6. I've got tons of tomatoes from the garden lately, so i've been making yellow and red spaghetti sauces and ketchup. Theres also been quite a few cucumbers that I've been pickling. Oh I almost forgot about the green beans.I was thinking about trying a batch of dilly beans. I've been freezing what peppers I have left from the trip into the house from the garden. (not many of them make it!) Its nice to get something back from all the hard work in the spring

  7. Aha! Figured out how to post a comment.

    Made a pizza. Used your crust recipe. Used your sauce recipe, chunky style, with yellow tomatoes, red tomatoes, greek oregano (all that I grew) and garlic. The sauce is good enough to eat all on it's own! Cheddar cheese with onion and olive topping.

    I could use the "onion growing for dummies" book (throw garlic in there, too). I discovered an onion in a pot. It was actually several, as it resembled elephant garlic. I broke it apart and planted them, then it got HOT here in the Pacific NW. Will those onions sprout when conditions are right? Or will they decay? I don't want to dig them up, for fear of damaging a developing root system.

    Thanks for sharing your garden and kitchen with us. Yum! YUm! YUM!

  8. That chair will be great as long as it's not in the sun!
    Brussels sprouts...we grew them from seed one year, and the quail kept nibbling at them, so that the sprouts, when they formed, were the size of pin heads!!
    Thanks for a summery post--I don't feel so bad about my slow tomato harvest now.

  9. Well this weekend is a break from preserving things, but last weekend was filled with peaches by the bushel (litterally). Now I have tons of frozed peaches and a batch of dried peaches and a few nectarines.

    The house still smells like peaches. I had sinus surgery last week and I can STILL smell the darn things. I should do something about those things and make some jam or jelly...

  10. I love your posts. They make me feel so good! I especially love the daily dose of Cute.
    I made bay vinegar for the first time. It is most delicious with bits of orange rind. Made basil pesto with the last of my basil. Here in Texas we are in a severe drought so the other veggies are fried.

  11. I've just found your blog and I love it! Your chair's not bad either!

  12. Love your chair! My great-grandmother always had these on her front porch. Hers were green & white. My mom has replicas now. I also have 4 red ones on my front porch from Plow & Hearth. Now they have a 2 person glider that I am eyeing. As far as garden produce goes, we have had success out of our one raised bed. Last night at supper, we ate potatoes, carrots, and strawberries from our own yard! I love that! Also, I always enjoy the extra captions under your photos. They are always entertaining!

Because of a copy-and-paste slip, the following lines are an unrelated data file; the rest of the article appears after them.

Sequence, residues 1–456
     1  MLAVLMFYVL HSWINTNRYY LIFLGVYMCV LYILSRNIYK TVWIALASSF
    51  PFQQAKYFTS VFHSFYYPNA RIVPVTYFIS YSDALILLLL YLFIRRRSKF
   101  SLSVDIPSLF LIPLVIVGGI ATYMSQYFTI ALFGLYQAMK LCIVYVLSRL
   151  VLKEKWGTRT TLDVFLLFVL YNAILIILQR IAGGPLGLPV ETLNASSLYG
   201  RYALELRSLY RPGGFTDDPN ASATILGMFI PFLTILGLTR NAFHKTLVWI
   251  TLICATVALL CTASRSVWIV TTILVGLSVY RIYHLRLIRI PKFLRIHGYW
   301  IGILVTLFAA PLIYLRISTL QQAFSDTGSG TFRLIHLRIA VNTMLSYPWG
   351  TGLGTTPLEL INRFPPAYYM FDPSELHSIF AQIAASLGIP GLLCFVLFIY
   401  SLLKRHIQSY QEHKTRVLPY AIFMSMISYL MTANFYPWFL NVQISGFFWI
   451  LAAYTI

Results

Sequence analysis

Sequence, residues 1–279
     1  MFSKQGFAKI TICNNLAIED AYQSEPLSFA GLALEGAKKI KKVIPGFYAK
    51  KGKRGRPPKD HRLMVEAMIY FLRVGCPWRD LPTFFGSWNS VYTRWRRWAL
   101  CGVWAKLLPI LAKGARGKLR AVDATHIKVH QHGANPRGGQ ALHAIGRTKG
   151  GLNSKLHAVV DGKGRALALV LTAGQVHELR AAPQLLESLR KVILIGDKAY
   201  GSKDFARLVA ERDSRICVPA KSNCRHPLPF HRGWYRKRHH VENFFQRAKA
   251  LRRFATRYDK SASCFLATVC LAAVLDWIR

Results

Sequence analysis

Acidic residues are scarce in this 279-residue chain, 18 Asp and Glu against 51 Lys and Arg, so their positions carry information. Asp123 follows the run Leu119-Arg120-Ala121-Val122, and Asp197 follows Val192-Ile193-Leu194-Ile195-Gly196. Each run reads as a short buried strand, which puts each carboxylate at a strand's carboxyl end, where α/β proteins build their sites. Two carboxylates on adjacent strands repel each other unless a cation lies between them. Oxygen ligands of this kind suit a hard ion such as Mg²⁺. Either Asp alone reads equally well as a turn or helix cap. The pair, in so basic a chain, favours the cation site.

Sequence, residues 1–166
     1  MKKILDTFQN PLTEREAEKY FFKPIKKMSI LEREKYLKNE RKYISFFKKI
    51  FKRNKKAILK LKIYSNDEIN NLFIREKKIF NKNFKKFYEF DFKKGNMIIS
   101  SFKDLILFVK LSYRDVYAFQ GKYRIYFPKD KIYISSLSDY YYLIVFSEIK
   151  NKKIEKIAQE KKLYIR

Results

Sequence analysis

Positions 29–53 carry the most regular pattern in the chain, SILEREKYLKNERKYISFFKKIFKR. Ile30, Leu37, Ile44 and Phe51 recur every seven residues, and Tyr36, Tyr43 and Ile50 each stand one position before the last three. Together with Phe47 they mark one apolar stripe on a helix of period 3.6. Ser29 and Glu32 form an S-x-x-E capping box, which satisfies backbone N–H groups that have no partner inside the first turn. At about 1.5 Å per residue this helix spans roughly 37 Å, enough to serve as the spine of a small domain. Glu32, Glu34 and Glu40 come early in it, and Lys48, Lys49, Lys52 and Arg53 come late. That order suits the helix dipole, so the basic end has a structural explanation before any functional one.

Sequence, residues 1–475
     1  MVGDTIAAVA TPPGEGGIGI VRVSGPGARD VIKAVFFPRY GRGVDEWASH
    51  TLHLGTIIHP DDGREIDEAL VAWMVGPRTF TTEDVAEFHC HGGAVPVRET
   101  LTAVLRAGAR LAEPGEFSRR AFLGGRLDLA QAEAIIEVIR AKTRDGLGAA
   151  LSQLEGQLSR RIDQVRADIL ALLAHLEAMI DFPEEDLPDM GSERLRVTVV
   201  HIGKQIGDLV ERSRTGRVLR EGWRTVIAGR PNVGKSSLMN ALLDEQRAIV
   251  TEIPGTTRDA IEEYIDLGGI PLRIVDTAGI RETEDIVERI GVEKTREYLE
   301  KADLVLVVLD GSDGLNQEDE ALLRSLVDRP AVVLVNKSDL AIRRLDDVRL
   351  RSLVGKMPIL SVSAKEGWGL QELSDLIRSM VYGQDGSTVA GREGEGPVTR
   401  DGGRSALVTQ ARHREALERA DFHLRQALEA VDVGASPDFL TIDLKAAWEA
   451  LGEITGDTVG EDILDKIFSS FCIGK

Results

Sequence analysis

13. A local farm out my way sells Lemon-Basil Pesto and it is the best stuff on earth! (We do lots of pesto & tomato pizzas, or goat cheese topped with caramelized onions and pesto chicken). I purchased some Lemon- Basil seeds and am hoping to make some myself next year, maybe I will have to try the purple stuff as well!

  14. I've been looking for a way to use some of my garden bounty (I have lots of red tomatos already, basil growing everywhere & I just harvested the garlic!)
    I made a pesto pie last night and yum!!!!!
    It tasted so garden fresh. My family loved it. Thank you for sharing.


March 2013 update: My apologies for the inconvenience - I know word verification is a pain - but I've had to turn it on to help stop the ridiculous number of anonymous spam comments I've been getting every day. Thanks for your understanding.

Welcome to! Thanks so much for taking the time to write. While I'm not always able to reply to every comment, I receive and enjoy reading them all.

Your feedback is greatly appreciated, and I especially love to hear about what's going on in your own garden. I know, too, that other readers also delight in reading about your garden successes, failures, helpful tips, and lessons learned. Feel free to leave comments on older posts!

I try my best to answer all questions, but sometimes it takes me a few days to get to them. And sometimes, I'm sorry to say, they fall through the cracks, and for that I sincerely apologize.

I look forward to hearing from you and hope you enjoy your visits to my kitchen garden!